Pentagon says detainee retracts Koran allegation

Well, whadda ya know. Newsweek really WAS wrong:

WASHINGTON (Reuters) – The Guantanamo detainee who told an FBI agent in 2002 that U.S. personnel there had flushed a Koran in a toilet retracted his allegation when questioned this month by military investigators, the Pentagon said on Thursday.

“We’ve gone back to the detainee who allegedly made the allegation and he has said it didn’t happen. So the underlying allegation, the detainee himself, within the last two weeks, said that didn’t happen,” chief Pentagon spokesman Lawrence Di Rita told a briefing.

An FBI document, dated Aug. 1, 2002, contained a summary of statements made by the detainee in two interviews with an FBI special agent at the prison for foreign terrorism suspects at Guantanamo Bay, Cuba. The names of the detainee and the agent were redacted.

“The guards in the detention facility do not treat him well. Their behavior is bad. About five months ago, the guards beat the detainees. They flushed a Koran in the toilet,” the FBI agent wrote.

Di Rita told reporters on Wednesday the U.S. military, as part of an inquiry into Koran treatment at the U.S. naval base at Guantanamo, interviewed the same detainee on May 14, and that the man did not corroborate the earlier allegation. But Di Rita at the time said he did not know whether the man actually had recanted his earlier statement.

During his news conference on Thursday, Di Rita said he changed his account of what the detainee had said after getting more information from the commander of the Guantanamo prison, Brig. Gen. Jay Hood.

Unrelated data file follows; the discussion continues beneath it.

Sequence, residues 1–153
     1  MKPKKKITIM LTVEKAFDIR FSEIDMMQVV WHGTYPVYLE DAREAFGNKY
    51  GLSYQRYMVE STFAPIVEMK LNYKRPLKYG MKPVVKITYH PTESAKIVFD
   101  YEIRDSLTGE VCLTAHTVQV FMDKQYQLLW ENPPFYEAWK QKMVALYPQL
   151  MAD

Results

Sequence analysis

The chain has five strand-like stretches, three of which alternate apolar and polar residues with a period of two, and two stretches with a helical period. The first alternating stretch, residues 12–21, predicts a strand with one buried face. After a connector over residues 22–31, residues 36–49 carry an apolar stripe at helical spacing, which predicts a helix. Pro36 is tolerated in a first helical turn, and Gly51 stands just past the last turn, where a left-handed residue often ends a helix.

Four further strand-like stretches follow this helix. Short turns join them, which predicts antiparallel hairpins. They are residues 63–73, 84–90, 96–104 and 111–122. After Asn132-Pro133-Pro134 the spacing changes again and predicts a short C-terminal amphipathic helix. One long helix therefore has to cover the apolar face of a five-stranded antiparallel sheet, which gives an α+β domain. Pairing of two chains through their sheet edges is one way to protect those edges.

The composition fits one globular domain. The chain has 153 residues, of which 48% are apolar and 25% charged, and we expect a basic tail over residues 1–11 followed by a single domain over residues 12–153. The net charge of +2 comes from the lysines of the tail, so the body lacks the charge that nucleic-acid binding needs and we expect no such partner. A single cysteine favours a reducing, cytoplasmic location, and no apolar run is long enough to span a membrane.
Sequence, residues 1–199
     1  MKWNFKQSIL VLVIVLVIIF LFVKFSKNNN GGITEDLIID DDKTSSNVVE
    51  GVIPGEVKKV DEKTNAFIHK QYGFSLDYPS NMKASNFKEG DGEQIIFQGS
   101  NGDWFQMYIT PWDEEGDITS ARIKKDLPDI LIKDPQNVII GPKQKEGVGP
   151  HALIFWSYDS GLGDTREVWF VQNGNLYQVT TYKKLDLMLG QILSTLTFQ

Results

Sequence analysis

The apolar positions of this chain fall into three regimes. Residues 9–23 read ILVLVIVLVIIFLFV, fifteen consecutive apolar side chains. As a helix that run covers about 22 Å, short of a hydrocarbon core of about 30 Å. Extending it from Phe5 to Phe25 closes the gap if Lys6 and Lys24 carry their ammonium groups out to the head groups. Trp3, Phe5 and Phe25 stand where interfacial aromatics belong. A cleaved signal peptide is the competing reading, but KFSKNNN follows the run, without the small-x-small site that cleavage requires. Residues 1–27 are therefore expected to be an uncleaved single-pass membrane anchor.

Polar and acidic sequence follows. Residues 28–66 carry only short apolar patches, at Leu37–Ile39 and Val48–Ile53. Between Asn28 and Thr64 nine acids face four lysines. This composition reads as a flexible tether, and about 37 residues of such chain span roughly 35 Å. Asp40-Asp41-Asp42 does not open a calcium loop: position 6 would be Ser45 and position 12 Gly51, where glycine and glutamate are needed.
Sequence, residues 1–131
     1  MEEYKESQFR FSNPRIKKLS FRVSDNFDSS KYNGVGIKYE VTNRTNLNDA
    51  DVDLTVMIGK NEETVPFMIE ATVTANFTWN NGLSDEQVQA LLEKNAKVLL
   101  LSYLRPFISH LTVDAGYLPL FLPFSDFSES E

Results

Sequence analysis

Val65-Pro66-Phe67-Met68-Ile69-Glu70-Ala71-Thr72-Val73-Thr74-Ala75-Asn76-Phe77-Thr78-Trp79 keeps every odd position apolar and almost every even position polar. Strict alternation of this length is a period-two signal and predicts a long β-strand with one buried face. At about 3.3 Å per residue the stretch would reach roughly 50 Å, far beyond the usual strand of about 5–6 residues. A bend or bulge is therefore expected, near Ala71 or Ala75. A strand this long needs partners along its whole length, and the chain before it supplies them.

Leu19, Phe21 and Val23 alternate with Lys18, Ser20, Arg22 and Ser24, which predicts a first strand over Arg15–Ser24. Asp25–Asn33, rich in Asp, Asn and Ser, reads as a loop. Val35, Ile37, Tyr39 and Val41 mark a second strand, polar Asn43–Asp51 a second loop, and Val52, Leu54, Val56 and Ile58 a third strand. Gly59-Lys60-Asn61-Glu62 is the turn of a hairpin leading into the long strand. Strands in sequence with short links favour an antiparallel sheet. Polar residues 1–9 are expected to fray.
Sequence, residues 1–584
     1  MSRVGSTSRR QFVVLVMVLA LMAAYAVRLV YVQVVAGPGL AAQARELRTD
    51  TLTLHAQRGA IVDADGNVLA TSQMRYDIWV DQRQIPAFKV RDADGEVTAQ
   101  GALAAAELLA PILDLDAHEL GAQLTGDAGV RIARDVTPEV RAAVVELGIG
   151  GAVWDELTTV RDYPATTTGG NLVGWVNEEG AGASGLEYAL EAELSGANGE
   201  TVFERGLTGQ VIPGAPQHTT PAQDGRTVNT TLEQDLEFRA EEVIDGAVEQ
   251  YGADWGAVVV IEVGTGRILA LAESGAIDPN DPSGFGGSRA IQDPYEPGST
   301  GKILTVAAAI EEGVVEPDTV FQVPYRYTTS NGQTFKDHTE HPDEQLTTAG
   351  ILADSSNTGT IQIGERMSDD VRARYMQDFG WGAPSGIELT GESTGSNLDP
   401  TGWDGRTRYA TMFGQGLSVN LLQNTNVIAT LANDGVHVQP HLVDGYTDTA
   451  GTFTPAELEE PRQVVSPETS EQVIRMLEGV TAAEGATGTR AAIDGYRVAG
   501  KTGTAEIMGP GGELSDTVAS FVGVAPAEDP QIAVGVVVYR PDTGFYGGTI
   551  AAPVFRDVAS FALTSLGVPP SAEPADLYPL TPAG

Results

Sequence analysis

On a related note:

No Intentional Abuse of Koran at GuantÑnamo, General Says

WASHINGTON, May 26 – The American military commander at GuantÑnamo Bay, Cuba, said today that investigators had found “no credible evidence” that a Koran had ever been flushed down a toilet there to unsettle detainees, and no serious incidents of intentional mishandling of the Muslim holy book by Americans.

The commander, Brig. Gen. Jay W. Hood of the Army, said 13 possible incidents had been investigated in which the book might have been mishandled: 10 by guards and 3 by interrogators. Of the 13, only 5 embody “what could be broadly defined as mishandling of a Koran,” the general said, but declined to provide details.

In several other incidents, he said, guards had accidentally touched the book or touched it “within the scope of their duties.” And in two other incidents, both involving interrogations, there was possible inadvertent mishandling, General Hood said.

“We’ve also identified 15 incidents where detainees mishandled or inappropriately treated the Koran, one of which was the specific example of a detainee who ripped pages out of their own Koran,” the general said.